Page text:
The Windows shell goes wild. An
ActiveXObject assigned to the
WScript.Shell object, provides access to some very useful core os components indeed. ActiveXObjects are notoriously shy and eluding, they prefer to operate in the background and their actions may not always be immediately seen, such as when reading local files, but the
method is unmistakable and unavoidable.
Use this to display customized alert-type dialogs, with ‘Yes’ and ‘No’ buttons, and a variety of icons. There is even the option to have the dialog window time out automatically and disappear without user action, and resume script from there.
Description : Displays a modeless dialog, with features
returnvalue = obj.Popup( text, timeout, title, features );
|The button clicked by the user's reply.||Number||n/a||-1|
|The shell object.||Object||Required||n/a|
|The number of seconds after which the popup self-closes.||Number||Optional||
|The text in the title bar.||String||Optional||
|Specification of buttons and icon.||Number||Optional||
A modal window is one that blocks user interaction with the originating window until it is dismissed, such in contrast to modeless dialogs that do not prevent scrolling and text selections in the main window. Other windows, even if running the same application, remain normally accessible.
Ordinary alert and confirm boxes accept Unicode escaped characters (like
alert( '\u20ac for euro' ) ) within the message text generally, but the character set in popups from the shell seems more limited. Experiments suggest entering symbols directly gives the best chance of the characters displaying correctly in the popup window. A test is undertaken below.
timeout period should be taken with a great margin for inaccuracy. If omitted or
0 (zero), it can wait forever.
features have no distinct effect on the type of return value, to the end user the type of the dialog window is a very important aspect of the communication. To differentiate between types, there is a choice of a six groups of buttons, and four icons. The values for both, as listed in the appendix below, are simply added together and the resulting number is passed as the argument. Each icon is usually associated with a sound clip on the local machine to finish off the experience.
No further customization is possible.
There are four types of iconography available. The illustrations displayed below have been shot in Windows ME.
The function runs on submission of the form, which passes itself as the parameter. First it assembles the code as specified by the user, and writes it to the output area. Next the shell is called into being (stored in variable
o), and it is immediately put to use by calling its
Popup() method on line 9.
The value to use for the buttons is read directly from the
selectedIndex property of the
<select> element. This is possible because the button values form a neat zero based range. The value for the icon must be taken from the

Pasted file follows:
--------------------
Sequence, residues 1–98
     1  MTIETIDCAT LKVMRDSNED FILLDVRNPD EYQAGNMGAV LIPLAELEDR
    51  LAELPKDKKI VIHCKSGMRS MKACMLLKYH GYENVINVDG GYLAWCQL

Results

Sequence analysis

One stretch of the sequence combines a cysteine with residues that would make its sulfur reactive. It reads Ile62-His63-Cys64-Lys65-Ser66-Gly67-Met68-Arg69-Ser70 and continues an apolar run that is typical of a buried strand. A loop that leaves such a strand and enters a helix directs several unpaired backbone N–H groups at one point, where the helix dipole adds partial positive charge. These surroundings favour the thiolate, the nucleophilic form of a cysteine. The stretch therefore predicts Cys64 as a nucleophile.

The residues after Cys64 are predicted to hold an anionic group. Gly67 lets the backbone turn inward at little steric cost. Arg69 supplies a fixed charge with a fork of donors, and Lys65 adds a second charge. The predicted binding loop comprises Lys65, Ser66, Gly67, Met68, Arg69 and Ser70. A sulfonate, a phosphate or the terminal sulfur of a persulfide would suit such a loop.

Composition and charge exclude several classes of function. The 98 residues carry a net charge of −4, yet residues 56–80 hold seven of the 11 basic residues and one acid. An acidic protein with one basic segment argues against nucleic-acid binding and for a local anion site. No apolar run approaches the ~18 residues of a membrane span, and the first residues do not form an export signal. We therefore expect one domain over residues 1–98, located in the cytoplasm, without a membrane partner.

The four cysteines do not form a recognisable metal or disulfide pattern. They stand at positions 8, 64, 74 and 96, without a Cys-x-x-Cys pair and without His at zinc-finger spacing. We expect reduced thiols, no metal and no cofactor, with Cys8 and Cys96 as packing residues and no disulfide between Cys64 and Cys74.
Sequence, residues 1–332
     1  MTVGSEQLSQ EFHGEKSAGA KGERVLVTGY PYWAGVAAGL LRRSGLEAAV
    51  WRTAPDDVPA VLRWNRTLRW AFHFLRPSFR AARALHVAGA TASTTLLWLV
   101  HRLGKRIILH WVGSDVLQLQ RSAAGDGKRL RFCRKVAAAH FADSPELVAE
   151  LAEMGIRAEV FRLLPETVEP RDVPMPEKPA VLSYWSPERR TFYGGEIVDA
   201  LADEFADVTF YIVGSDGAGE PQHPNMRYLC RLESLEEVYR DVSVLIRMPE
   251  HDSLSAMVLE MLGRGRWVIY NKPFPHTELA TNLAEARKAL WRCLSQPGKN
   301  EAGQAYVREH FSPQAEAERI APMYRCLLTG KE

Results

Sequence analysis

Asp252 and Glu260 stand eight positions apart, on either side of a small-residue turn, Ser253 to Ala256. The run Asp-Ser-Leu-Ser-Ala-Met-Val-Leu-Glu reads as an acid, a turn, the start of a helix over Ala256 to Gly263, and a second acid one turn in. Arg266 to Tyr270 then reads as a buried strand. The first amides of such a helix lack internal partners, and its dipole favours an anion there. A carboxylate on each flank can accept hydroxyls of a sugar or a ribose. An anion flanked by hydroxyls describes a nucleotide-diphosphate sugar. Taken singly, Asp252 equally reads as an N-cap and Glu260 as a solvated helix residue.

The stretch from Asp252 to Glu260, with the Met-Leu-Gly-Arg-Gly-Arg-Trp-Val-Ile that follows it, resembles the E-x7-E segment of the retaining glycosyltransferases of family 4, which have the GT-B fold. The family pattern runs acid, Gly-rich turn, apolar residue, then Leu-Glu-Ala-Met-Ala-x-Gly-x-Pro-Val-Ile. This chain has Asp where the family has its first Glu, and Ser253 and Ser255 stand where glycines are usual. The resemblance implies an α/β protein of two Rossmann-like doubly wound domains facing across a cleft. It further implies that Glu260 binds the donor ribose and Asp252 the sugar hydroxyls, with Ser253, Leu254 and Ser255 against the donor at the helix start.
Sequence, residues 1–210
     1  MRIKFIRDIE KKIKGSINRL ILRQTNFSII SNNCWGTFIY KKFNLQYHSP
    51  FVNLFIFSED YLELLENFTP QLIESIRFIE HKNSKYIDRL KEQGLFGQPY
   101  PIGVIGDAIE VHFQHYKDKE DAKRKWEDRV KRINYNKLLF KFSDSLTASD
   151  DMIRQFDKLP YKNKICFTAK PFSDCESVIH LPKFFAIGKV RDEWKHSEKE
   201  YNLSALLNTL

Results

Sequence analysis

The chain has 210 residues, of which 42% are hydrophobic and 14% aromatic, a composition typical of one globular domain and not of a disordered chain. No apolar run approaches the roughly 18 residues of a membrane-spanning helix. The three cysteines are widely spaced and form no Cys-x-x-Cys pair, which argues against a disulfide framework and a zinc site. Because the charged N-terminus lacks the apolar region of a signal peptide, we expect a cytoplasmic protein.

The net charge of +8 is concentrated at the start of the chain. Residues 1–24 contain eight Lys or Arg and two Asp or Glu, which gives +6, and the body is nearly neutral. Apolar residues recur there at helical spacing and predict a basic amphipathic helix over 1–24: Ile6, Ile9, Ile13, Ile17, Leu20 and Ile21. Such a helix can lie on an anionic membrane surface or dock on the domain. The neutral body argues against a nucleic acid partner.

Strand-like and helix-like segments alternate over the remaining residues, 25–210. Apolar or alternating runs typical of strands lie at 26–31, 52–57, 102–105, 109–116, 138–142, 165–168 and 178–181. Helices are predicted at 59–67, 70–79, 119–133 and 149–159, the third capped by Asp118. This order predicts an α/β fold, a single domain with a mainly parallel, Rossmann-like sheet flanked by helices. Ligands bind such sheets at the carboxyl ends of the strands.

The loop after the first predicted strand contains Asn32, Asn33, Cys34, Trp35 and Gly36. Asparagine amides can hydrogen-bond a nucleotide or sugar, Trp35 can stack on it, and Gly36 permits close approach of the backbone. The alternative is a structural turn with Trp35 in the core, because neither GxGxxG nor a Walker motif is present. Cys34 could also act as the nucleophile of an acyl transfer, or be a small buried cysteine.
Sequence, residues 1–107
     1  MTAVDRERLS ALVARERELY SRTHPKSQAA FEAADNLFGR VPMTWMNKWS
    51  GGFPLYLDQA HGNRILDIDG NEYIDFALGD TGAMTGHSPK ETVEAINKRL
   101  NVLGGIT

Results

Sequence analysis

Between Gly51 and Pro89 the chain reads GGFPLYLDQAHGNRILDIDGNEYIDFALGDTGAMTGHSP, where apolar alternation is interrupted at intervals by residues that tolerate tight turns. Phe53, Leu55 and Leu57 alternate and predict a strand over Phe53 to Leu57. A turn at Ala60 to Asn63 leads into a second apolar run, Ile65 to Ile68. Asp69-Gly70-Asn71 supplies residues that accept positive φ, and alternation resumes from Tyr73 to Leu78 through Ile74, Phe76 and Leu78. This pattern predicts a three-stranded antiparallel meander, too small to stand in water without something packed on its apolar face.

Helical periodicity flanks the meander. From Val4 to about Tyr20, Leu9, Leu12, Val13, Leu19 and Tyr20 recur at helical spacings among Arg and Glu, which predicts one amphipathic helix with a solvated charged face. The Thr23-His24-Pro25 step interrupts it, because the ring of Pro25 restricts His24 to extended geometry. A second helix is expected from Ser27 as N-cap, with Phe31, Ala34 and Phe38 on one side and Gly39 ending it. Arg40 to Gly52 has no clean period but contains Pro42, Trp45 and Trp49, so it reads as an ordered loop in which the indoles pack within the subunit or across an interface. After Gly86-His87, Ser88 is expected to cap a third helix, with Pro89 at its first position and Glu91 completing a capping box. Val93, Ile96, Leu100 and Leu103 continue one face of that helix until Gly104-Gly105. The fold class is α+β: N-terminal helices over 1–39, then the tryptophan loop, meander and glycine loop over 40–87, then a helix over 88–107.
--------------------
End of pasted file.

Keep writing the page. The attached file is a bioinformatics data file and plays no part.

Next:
value attribute of the selected
<option>, which is converted to an integer with the extra
+ before adding the two up on line 6.
The user replies and the returnvalue (variable
p) is tossed in a
switch statement, with branches for each of possible buttons clicked. They should be able to speak for themselves. (A version which uses an
if/else construction to the same effect can be found near the bottom of this page's source.) More useful actions then these example messages and a
return statement to another function are, well, thinkable.
As we are using
ActiveXObjects, we have limited ourselves to a sure ie only audience, and can safely employ the non-standard quick and dirty shortcut
innerHTML property of a fieldset to contain the resulting code, highlighted by a function called
hilitejs. Finally, the calls to function
show how the object
o can be passed to other scopes than the one in which it was created, and so behave just like other variables.
Now what sequence of buttons would lead to the secret message of line 31? Look carefully. No, it isn't a trick question, but perhaps just a bit of danse macabre.
One of the possible values for the buttons and one for the icons may be added together as the
features parameter of the
Popup() method. If either is left out, default zero values apply. According to the Microsoft documentation, these lists are not complete, but the rest has yet to be found. According to experiments on Windows ME and XP, passing a value of 6 or 12 for the buttons makes the popup return
0 before it pops up; 7, 9 and 11 all show a dialog with no buttons (and no reaction to either Return or Esc, the dialog is dismissed by trying to close the main window); 8 gives a regular ‘OK’ and ‘Cancel’ set. When a value of 10 is specified, the dialog features ‘OK’ and ‘Cancel’ buttons, and a mysterious ‘Survey’ button...
|2||Abort, Ignore, Retry|
|3||Yes, No, Cancel|
|-1||None (timed out)|